Christine Bumatay - Social Media Community Manager, Founder of Sosyal Gal, Freelance Writer
Christine Bumatay is the Soysal Gal. A 1.5 generation Filipina American, Christine spent her formative years in the Philippines, migrated to the US with her family when she was 9 years old, become a US Citizen, studied abroad, graduated Cum Laude with Honors from the University of Southern California, a Social Media Community Manager, the Founder of Sosyal Gal, and a Freelance writer. She’s written Fil Am centered articles including “I am a Filipina Who Was Addicted to Skin Lightening Products” on Huffington Post and “Ube Ice Cream Is The Flavor of Summer 2019, Here’s What Filipinx Folks Want You to Know” on Bustle. She started the Soysal Gal brand and offers fun Fil Am inspired merchandise. She’s inspired by family works to have Filipinx seen as dynamic, passionate, multifaceted people. Christine is a driven woman, a game changer and with a side hustle.
How did you create your career path?
This is definitely a two-part answer and might have readers comment “TLDR”. But stick with me because I don’t mean to seem philosophical here, but to me, the definition of “career” is a bit skewed because of my age and how I grew up. As a young Millennial who grew up around the Internet and social media, I know that “side hustle culture” is celebrated. Although results may not be immediate or instantaneous, I’ve realized that the Western world applaud people who have a side hustle. However, as a young Millennial who was born and raised in poverty in the Philippines, having a side hustle was not created to entertain a hobby, make extra cash for next month’s vacation, or have a savings account-- it was to make money to put food on the table. So, how did I create my career path? Simple. I grew up poor and I grew up around people who didn’t take no for an answer when it came to making their lives better. They taught me that success would never be given to me. From the ages of 12-17, I read and anything and everything — from Charles Baudelaire to Charles Bukowski. I dabbled in Jose Rizal. I would write anywhere and everywhere — from restaurant napkins to my notes app. At 18, I moved to Paris, France to study Art History and Literature. At 19, I transferred to the University of Southern California to study Public Relations and Entrepreneurship. At 22, I graduated Cum Laude and with honors. Two days after graduation, I started my corporate job. I didn’t grow up with a trust fund or a network -- this came later, after signing my life away with a $200,000 student debt. I didn’t have time to travel or take a gap year. I didn’t want to go back home after college and live with my parents. I knew I’d become stagnant and comfortable. I didn’t grow up white, and I didn’t grow up white passing. I didn’t grow up with privilege. I didn’t grow up with white-picket fences and green grass in my front lawn. So believe me when I say, I grew up understanding that there was a bigger system that was built to put Filipina immigrants like me “in our place”. I realized this in every classroom, meeting, party, or social function where my pronunciation of certain words were called out, the question “Did you really go to USC?” would be asked as a joke, and my credibility was always questioned. I noticed that what mediocrity my white peers gave (and others would call “genius” or “contemporary”), I’d have to work and give 10,000 times harder. There’s really no singular answer to this question, except the fact that I created my career path with no doubt in my mind that I’d have to create my own success in my own terms and in my own way. That if a girl from Mandaluyong City, Philippines could get out and make something of herself, then why the hell not make the best version of it?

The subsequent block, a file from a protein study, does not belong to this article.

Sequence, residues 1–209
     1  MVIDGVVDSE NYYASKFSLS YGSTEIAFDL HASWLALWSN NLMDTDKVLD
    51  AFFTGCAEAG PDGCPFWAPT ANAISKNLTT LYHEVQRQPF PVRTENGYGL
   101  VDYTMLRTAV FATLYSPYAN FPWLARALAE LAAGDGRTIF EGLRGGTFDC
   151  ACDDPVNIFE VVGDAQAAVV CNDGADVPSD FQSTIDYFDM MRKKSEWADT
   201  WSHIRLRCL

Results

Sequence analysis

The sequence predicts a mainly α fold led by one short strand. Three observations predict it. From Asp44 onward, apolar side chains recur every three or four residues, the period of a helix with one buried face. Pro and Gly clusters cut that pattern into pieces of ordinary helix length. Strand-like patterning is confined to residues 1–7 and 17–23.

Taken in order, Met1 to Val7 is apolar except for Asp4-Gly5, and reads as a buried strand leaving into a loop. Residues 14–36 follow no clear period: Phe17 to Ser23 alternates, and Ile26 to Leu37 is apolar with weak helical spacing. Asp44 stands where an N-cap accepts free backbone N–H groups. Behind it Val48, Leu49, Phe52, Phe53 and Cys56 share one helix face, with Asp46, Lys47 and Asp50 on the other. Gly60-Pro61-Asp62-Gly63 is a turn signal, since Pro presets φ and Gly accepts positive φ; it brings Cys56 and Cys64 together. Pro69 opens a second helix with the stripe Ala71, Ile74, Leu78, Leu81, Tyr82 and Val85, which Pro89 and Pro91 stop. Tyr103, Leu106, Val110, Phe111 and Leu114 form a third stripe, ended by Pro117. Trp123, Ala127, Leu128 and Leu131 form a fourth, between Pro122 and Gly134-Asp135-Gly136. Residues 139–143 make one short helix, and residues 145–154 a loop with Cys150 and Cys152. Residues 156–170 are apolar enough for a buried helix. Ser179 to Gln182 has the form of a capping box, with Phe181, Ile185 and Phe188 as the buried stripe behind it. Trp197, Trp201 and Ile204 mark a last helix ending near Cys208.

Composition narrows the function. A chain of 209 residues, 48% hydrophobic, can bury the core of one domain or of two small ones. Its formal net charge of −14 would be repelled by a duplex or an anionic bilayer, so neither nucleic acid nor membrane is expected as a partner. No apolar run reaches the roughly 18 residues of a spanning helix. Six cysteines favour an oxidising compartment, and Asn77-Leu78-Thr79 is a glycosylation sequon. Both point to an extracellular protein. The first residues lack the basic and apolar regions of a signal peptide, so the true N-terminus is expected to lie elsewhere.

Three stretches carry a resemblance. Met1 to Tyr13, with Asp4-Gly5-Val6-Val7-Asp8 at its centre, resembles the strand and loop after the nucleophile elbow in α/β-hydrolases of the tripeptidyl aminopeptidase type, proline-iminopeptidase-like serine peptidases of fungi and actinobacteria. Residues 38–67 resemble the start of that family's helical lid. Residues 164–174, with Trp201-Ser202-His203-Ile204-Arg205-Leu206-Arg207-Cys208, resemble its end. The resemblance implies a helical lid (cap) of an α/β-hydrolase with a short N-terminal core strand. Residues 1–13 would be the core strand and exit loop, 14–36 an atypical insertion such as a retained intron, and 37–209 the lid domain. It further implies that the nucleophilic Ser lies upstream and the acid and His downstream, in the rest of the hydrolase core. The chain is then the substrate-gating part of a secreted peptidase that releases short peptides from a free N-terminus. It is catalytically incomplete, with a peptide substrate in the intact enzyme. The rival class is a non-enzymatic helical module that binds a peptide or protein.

What is the inspiration behind Sosyal Gal? And what do you want to accomplish through Sosyal Gal?
Since coming to America, I obviously gained an American accent. Whenever I go home to the Philippines, my cousins make fun of me for having a “sosyal” accent. Sosyal is associated with the rich. The term “Sosyal Gal” came about when I was sitting in my personal branding class at SC, and I realized that the moniker “Sosyal Gal” was catchy. It incorporated both Tagalog and English, while also shattering social norms -- that this poor girl could be called “sosyal”. I thought, “Why not change the definition to something positive?” Since then, the Sosyal Gal fam has definitely been growing. Everyday, I receive lovely messages of hope, inspiration, and love from the Filipinx community when I share my stories. I read each and every one and use it as inspiration for my next project. Now and in the future, I hope that the brand Sosyal Gal can be an emblem of hope for the Filipinx and Filipinx American community, and would act as a bridge between culture differences and similarities.